The last picture on this post is a circuit representing a loudspeaker connected to an amplifier. Since the voice coil is a coil, it obviously has some inductance. Because the coil is made of wire, it has some resistance and as I have described above when it moves in the magnetic field it produces a voltage. That is the hardest part to wrap your head around. EVEN WHEN THE COIL IS BEING BOSSED AROUND BY THE SOURCE, IT IS ACTING LIKE A GENERATOR. That is something we will be having to cope with when we deal with all motors. The voltage being generated by the speaker motor will be in the opposite direction of the source voltage because of the movement of the voice coil. The term we will grow to love is C.E.M.F. for Counter ElectroMotive Force. The amplifier like all real devices has a source impedance, which I have drawn as a resistor, but may include some reactive elements as well. (Refer to the previous post “Technical Datasheets and Real Power Sources“.)   Again this is a “mind experiment”.  The resistance and the inductance is part of the coil so it is impossible to split these from the actual coil, but this is very helpful for our understanding.

You probably have noticed I did not put voltage polarity signs on anything except the two voltage sources. I probably should not have even put the signs on those either because we really don’t know those unless we know what is happening in the system at a particular time. The one thing we do know is the voltage at the terminals of the loudspeaker and the amplifier.  If we assume the bottom of the diagram is the reference voltage of 0V.   Then the voltage at the top wire is equal to the voltage source minu the voltage across the source resistance.   Similarly, this voltage is equal to the voltage produced by the coil windings  minus the voltage dropped by the inductance and the coil resistance.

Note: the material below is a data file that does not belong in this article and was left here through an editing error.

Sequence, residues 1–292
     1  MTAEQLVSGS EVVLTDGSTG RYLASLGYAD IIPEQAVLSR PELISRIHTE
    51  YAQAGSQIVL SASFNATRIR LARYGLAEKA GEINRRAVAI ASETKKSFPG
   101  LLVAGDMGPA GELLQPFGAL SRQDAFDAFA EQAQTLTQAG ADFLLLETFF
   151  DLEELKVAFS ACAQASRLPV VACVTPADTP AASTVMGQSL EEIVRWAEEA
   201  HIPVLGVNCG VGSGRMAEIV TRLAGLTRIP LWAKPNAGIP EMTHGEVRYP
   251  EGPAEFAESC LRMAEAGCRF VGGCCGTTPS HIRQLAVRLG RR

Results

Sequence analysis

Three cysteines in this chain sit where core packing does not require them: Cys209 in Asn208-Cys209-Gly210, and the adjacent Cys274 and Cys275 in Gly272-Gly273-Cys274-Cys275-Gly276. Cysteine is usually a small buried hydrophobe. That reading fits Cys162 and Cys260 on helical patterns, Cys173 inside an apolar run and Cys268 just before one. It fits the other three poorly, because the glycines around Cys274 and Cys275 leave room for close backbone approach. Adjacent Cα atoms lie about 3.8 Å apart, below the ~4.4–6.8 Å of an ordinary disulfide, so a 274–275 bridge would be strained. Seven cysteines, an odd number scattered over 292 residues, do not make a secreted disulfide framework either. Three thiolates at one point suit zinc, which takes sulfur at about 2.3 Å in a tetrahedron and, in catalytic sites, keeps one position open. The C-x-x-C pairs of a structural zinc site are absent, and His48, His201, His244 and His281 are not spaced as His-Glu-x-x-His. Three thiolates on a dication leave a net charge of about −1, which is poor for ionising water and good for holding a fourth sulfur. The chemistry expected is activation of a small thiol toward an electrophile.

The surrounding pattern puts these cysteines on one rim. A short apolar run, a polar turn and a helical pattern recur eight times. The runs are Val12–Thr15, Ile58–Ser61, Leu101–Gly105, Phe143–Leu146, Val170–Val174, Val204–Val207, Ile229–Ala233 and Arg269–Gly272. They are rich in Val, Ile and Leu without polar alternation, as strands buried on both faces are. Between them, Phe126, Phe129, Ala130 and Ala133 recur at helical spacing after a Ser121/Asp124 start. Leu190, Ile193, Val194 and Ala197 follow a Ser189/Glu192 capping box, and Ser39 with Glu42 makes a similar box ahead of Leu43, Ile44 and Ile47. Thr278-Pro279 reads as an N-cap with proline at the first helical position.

Right now things are probably about as clear as mud, so we will make an example.   For the moment assume the inductance is zero so we can deal with a simple DC problem.  The coil resistance is about 7.5 ohms (A realistic number).   We will apply a battery to the terminals, and will not allow the coil to move.  The batter has a natural voltage of 1.6 V and an internal resistance of 1 Ohm.   The current that will flow will be 1.6V/(1 + 7.5) Ω or 0.188 A.   Now if we release the coil and allow it to move and we say that in a the early moments before it starts fighting the spring tension of the spider it moves fast enough to produce 1,2V.   Now our current is  (1.6-1.2)V / (1+ 7.5)Ω = 0.047 A.   A whole lot less!

The point of all of this is our mechanical load affect the amount of power drawn by the the motor and the amount of power required from the source.   The mechanical system is tightly coupled to the electrical system!

Although we are doing some “hand waving” in describing this system and picking and choosing what to keep and what to throw out, this is a real thing dealt with in speakers.   The impedance of the amplifier is important to dampen a speaker’s movement. and there is an actual calculation using the ratio between to the amplifier impedance and the speaker impedance to determine this value.   For those of you that really want to get into speaker design, I will have some sources in future post once I explain the basic concepts.

By the way. Way back there when I was in third grade, the teacher left the left the room to go to the office. The room P.A. system allowed her to turn the loudspeaker into a microphone and listen to the room while she was gone. We were busted for making noise. More than likely the amplifier used for that purpose had a high input impedance so the speaker moved freely and produced a relatively high voltage for small sounds.

The next loudspeaker post will deal with the speaker mechanics.

If you found this blog post interesting and informative, please consider subscribing to this blog by using one of the icons found on the home page or by using the e-mail subscription form also found there as well as at the bottom of each post. Also there is an e-mail Icon on the home page if you have any questions or concerns about what I have written.

Creative Commons License
The Electrical Part of a Loudspeaker.” by Create-and-Make.com is licensed under a Creative Commons Attribution-ShareAlike 3.0 Unported License.



Print Friendly

1 comment to The Electrical Part of a Loudspeaker.

Leave a Reply to The Mechanics of a Loudspeaker Cancel reply

You can use these HTML tags

<a href="" title=""> <abbr title=""> <acronym title=""> <b> <blockquote cite=""> <cite> <code> <del datetime=""> <em> <i> <q cite=""> <s> <strike> <strong>